Letter to My Freshman Self

by Mary Liza Hartong and Andrew Kingsley | 2/4/16 7:06pm

Dear Freshman Beth,

Just look at you. One hundred and fifteen pounds, coxswain for the rowing team, Merit Scholar, lead flautist in the marching band and still a natural blonde (wink). You can’t even imagine all of the interesting things awaiting you at Dartmouth. Happiness, agony, joy, surprise, excitement, crippling doubt, first loves, HPV. The thrill of it all! Take a deep breath. Now move across the street from the SAE trash heap and take another deep breath. That’s better.

Let’s start with classes. You’re taking economics, engineering, and “Writing 5,” not to mention your pre-med aspirations. Spoiler alert! You’re going to get straight C’s and drop those aspirations like the bass. Teehee! Blame it on the boogie! Your mom will say she’s “disappointed in you.” Translation: “I’m not paying for college anymore.” Whaddup, student loans! Good thing you’ve got all that economics knowledge under your belt to help you manage your debt. What a smart cookie you are. Supply and demand, am I right? Who knew a mother’s love could be a limited resource?

And what about your roommate situation? You’ve heard all the horror stories — messy, loud, rude, smelly, etc. Don’t worry, your roommate doesn’t have any of these flaws. She’s so different! First of all, she doesn’t speak. To anyone. Ever. Well, unless she’s screaming bloody murder during sex, every weeknight at 12:30 a.m. It’s like clockwork! Fret not, she will still steal every piece of clothing you own and every shred of dignity you once had. Teehee! What a character, am I right? She does take you to really cool parties, though. By parties I mean séances. Dark, wordless séances with screaming sex.

Hey, but what about your love life? Remember how you left high school Alex on the curb hoping to find mature love in college? Instead you found Craig, Jessica, Dustin, Scooter, Tina and Biggie, who all broke your heart within the short span of pre-orientation. Good news: you’re still in love with Biggie — I mean who isn’t? — but you can never tell him because restraining orders are, sadly, legally binding. But at least the Foco cookie baker gets you. He bakes you your own tray every Friday after a rough week. Oh Charlie, my sweet baker, if only you weren’t 65 and buried under student loans. Charlie was also once pre-med.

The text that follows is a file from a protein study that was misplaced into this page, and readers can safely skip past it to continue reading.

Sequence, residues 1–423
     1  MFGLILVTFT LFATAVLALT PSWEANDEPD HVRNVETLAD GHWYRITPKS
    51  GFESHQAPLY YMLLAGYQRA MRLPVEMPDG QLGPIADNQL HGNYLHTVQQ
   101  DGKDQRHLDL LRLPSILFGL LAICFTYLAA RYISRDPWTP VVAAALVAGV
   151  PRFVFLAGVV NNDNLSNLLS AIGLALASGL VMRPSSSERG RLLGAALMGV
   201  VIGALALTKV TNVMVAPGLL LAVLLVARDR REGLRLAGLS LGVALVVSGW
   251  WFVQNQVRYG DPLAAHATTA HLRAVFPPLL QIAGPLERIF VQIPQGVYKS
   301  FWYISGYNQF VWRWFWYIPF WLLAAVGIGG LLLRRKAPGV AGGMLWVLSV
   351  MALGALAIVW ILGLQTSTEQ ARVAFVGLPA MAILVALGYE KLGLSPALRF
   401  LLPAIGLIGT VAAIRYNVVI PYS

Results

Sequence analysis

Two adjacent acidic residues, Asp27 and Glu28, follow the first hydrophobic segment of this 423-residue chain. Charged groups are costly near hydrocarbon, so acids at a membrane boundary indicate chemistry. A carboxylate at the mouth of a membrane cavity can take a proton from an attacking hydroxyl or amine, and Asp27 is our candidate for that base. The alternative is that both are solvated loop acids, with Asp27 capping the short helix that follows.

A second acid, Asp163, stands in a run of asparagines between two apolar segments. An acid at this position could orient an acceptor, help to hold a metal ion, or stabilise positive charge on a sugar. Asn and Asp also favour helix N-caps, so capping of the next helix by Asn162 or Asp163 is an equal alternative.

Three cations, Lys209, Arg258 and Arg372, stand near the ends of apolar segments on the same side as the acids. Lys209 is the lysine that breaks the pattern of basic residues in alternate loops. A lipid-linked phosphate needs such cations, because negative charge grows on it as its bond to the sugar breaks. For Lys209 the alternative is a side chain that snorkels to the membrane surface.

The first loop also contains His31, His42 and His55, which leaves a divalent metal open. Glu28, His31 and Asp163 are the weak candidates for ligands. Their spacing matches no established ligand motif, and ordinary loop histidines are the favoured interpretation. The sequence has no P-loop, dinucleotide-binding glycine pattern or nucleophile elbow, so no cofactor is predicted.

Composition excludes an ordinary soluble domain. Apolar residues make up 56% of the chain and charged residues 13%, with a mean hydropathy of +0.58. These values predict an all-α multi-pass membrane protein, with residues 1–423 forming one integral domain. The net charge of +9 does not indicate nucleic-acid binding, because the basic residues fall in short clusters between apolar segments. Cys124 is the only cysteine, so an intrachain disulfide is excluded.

But enough about other people. Yawn! Let’s get back to you, or should I say, back to vous! Get ready for your French LSA, where the smell of baguettes and the sound of your classmates only speaking English fill the air. Mona Lisa? More like, Mona Loser, because that’s what everyone will call you when you want to experience French culture. But don’t worry, you’ll see the sites! You will fall off the Vespa of Raphael, the hunky Rutgers exchange student, under the Arc de Triomphe. Irony, huh? And your host family, let’s just say the only events they host are, you guessed it, more séances.

What?! It’s already sophomore summer. No lines at Hinman or KAF and the weather is beautiful. This is the summer of taking chances. Flitzing your TA, nude modeling, a trip to the emergency room due to nude modeling — guess what: you’re allergic to charcoal! On the bright side, no chimney sweeping for you. But you know what is for you? The farmer’s market. There you’ll find a tanned, sinewy farm hand. No, really, a hand, a real hand that was severed from a murdered farmer. The police think it was you. Forget your 12 because now you’re in front of 12 jurors who hate your Ivy League guts. Oh brother!

But wait, there’s more. Junior year’s a real knee slapper. You finally find yourself involved in a cheating scandal. When Biggie hands you a clicker and asks you to click it, you just assume he’s finally in love with you, so you click it every class excessively. Turns out, Biggie’s not in love with you and you just helped him cheat. Say what? Say one term of probation, living at home under the burning glare of your mom. She’s thrilled to have you back! She’ll burn all the television clickers at home to let you know.

But now you’ve made it. Senior year. You’ve learned a lot. The liberal arts treated you well. Knowing “troposphere” and “anaphora” will take you far. Especially since you have a great job with Teach for America teaching physical education to kindergartners in Alaska. Vox clamantis en deserto, am I right? One voice crying out incessantly for four years in the wilderness and continuing to cry in the wilderness of adulthood.



P.S. Take off that goddamn lanyard.